A big thank you to everyone who watched last night’s live stream. For those who didn’t catch it we were joined by Paul (left), the front man of London-based, rock trio ‘Clarence Oddbody‘ to talk films, facial hair and the band’s latest EP. Catch up on the highlights below and don’t forget to give Oddbody IV a listen.
By The Freaks: Tell us a bit about Clarence Oddbody, who are you guys and what do you do?
Paul: We’re kind of like old school rock band, Neil Young, Big Star, late Beatles. We’ve just been doing the rounds around London really. I was in a band with the drummer (Tom) before which was quieter and more mellow version of Clarence Oddbody. It got to the stage where it was just me and Tom rehearsing and I decided I wanted to branch out. I’d played only acoustic guitar for years and I wanted to get back to electric. We looked through all the usual places to find a bass player and Cliff played a Rickenbacker so immediately he was in. I’m one of those rare breeds of guitarist who says, ‘Turn the bass up louder’. You’re only as good as your drummer and you’ve got to hear the bass in your stomach, if not you’re doing something wrong.
By The Freaks: It was once said to me that a bass should be felt more than heard.
Paul: Very good saying. Always turn it up to 11 with bass and add a bit of fuzz or distortion.
By The Freaks: I completely agree. About the name Clarence Oddbody, where does that come from?
Paul: It’s from one of my favourite films of all time, do you know It’s a wonderful life? 1945 film, everything goes wrong in this man’s life and he wishes he had never been born. His guardian angel comes time and runs him through his life as if he had never been born and he sees he affected so many different people. The angel’s name is Clarence Oddbody.
By The Freaks: That’s a great origin story, tell us about the new EP, Oddbody IV.
Paul: We recorded it last December, mixed a bit last January and February. We were originally going to do two singles but decided we’d do another EP. We’d done Oddbody I, Oddbody II and Oddbody III so it just felt natural. All the songs are quite different which is weird for us. You’ve got dark wave, synth pop, new wave and acoustic on there. It’s a good mix and I think they all sit really well when you hear them back to back.
They were all recorded live. Everything we’ve ever recorded has been live vocals which I’d never done before Clarence Oddbody. I think it crosses a good line of polished but still raw.
By The Freaks: Any favourites?
Paul: I just like them all. When we recorded them I wasn’t happy with them, didn’t feel like I’d done a good job on the day, then we finally came to mix them I realised they were really good. I don’t know why I was being so sensitive.
By The Freaks: One of my favourites is Hammer Those Nails which I see is doing very well on streams.
Paul: Yes, haha, it’s breaking the internet as we speak. I wrote that in about 10 minutes, in my dad’s caravan. It used to be a song in my old band, a bit faster and with synths, quite intense. In the studio we decided slow it down, it felt like a new song. Took me a while to get used to the guitar solo as I made it up on the spot! I have to relearn it every time we performed it live.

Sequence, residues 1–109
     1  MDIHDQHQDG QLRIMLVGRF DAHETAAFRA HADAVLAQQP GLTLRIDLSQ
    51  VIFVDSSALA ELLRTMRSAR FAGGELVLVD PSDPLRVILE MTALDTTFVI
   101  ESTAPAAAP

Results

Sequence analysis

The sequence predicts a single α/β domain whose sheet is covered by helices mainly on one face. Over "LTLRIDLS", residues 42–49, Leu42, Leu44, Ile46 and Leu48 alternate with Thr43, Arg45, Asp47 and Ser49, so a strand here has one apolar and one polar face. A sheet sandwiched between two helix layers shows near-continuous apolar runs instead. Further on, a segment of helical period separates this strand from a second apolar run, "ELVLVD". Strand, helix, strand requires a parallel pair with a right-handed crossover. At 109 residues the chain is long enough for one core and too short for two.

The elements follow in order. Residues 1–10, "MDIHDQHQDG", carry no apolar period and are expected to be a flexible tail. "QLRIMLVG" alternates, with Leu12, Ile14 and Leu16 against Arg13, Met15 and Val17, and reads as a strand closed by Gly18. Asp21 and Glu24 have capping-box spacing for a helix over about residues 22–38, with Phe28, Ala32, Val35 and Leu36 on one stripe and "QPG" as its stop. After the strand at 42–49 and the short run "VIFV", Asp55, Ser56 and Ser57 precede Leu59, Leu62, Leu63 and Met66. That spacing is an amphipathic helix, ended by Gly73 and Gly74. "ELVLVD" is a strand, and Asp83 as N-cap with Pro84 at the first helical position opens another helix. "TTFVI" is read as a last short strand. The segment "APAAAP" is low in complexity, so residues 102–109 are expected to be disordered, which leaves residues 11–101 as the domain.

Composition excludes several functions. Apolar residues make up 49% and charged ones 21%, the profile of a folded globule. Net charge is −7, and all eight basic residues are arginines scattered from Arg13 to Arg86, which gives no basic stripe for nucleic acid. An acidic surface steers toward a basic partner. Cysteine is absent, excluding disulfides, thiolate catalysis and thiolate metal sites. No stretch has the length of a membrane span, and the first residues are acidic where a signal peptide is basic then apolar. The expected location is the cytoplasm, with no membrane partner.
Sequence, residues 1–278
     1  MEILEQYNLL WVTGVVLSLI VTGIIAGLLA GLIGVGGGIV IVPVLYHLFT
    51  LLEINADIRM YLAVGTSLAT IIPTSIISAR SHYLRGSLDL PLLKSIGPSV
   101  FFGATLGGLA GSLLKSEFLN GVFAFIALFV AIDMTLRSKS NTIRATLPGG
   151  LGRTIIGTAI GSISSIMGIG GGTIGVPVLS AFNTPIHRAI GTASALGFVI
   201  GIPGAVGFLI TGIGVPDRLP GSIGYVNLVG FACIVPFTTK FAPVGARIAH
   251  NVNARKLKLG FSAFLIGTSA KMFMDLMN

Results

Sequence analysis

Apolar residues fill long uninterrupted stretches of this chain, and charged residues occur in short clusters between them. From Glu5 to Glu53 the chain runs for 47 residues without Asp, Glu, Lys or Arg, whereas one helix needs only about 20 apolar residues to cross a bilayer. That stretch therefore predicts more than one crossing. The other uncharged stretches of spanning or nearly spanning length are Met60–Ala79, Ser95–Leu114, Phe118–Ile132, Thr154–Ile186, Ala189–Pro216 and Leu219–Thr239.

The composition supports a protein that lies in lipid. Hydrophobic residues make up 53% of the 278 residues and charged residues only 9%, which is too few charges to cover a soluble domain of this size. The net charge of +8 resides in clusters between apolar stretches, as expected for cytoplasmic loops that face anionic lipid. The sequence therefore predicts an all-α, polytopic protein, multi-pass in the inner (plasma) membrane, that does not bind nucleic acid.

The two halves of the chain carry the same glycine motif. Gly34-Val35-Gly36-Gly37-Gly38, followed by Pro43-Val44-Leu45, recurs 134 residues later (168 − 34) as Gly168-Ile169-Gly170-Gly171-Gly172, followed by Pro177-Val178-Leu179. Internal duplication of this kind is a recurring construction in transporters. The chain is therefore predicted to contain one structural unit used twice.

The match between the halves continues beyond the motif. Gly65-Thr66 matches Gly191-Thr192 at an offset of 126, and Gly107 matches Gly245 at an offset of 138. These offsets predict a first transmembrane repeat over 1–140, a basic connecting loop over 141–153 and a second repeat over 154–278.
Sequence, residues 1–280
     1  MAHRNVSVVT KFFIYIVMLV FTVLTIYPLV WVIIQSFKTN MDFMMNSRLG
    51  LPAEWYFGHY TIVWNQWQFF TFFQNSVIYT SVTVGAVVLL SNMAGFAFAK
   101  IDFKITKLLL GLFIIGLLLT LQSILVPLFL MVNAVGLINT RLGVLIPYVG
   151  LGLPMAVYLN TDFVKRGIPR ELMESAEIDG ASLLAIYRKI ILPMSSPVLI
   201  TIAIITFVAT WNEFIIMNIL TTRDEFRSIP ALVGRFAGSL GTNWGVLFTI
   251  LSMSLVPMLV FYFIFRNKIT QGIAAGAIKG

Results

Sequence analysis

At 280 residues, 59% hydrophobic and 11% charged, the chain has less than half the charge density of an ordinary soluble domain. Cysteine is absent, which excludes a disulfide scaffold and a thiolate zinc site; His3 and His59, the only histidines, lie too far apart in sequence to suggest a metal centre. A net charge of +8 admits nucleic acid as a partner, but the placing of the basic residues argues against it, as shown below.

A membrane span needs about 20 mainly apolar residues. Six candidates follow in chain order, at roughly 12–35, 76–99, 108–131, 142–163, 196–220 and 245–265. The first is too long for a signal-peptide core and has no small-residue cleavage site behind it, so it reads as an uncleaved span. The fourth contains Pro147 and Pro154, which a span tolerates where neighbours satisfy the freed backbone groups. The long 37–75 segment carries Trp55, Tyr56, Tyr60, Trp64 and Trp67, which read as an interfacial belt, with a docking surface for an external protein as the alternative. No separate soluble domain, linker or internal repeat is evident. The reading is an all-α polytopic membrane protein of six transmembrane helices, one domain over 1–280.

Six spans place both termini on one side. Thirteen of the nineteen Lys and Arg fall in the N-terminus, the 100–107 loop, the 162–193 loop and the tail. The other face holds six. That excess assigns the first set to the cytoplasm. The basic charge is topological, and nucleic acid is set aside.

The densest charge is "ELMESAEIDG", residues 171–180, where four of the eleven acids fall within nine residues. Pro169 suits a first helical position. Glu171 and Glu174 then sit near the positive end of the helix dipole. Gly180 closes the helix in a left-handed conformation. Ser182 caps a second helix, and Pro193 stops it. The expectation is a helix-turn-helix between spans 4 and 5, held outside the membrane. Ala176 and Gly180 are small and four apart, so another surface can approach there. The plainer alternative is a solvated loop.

By The Freaks: You mentioned you’re previous EPs earlier, any plans for an album?
Paul: You know what, I’d love to do an album. Haven’t chatted with the boys yet but it would be nice to cherry pick our favourite songs from our EPs and then maybe record another six. With the lockdown at the moment I’ve just been writing loads, literally just riffs and different chunks of songs. I’d like to sit down and put them in order. We don’t know when we’ll get to record or even play again, bit worrying isn’t it?
By The Freaks: It is, how has the lockdown been for you?
Paul: It’s been alright, I’m not too bothered really, I’ve got a very low boredom threshold so staying in doesn’t bother me. I’ve got plenty of books and guitars to play. I’m glad we got to play our EP launch on the 17th of March before.
By The Freaks: When all this is over we’ll have to put on a MEGA gig.
Paul: We should take over the streets, in some kind of low loaded truck. All the bands can be on the truck, all playing at the same time, all their own songs. If we decide on a song I’m willing to put forward Can’t Smile Without You by Barry Manilow.
By The Freaks: Or a Rush song would be good?
Paul: Bomber by Motorhead?
By The Freaks: Anything by Napalm Death?
Paul: South of Heaven by Slayer?
By The Freaks: We’re getting heavier aren’t we?
Paul: Well, people will need to wake up.
By The Freaks: We’ve had a few questions written in which we should probably start on. First off, where do your lyrics come from?
Paul: Films, I’m a big film buff. Books too. I also listen out to conversations, maybe on the tube. I’m a complete Magpie, always nicking people’s conversations and hopefully something comes out of it.
By The Freaks: Which 60s or 70s musician has the best facial hair?
Paul: It’s got to be Jerry Garcia, maybe Ginger Baker just after Cream.
By The Freaks: What is your favourite riff?
Paul: That’s a tough one, I don’t know where to start with that… It’s like picking your favourite child, if you had children… I think it’s got to be Paranoid by Black Sabbath. That’s how a guitar is supposed to be played.
By The Freaks: Who would win in a fight between Eric Clapton and George Harrison?
Paul: George Harrison, hands down.
By The Freaks: Paul it’s been a pleasure. Everyone out there remember, listen to Clarence Fucking Oddbody.
Paul: Thank you very much, stay safe!
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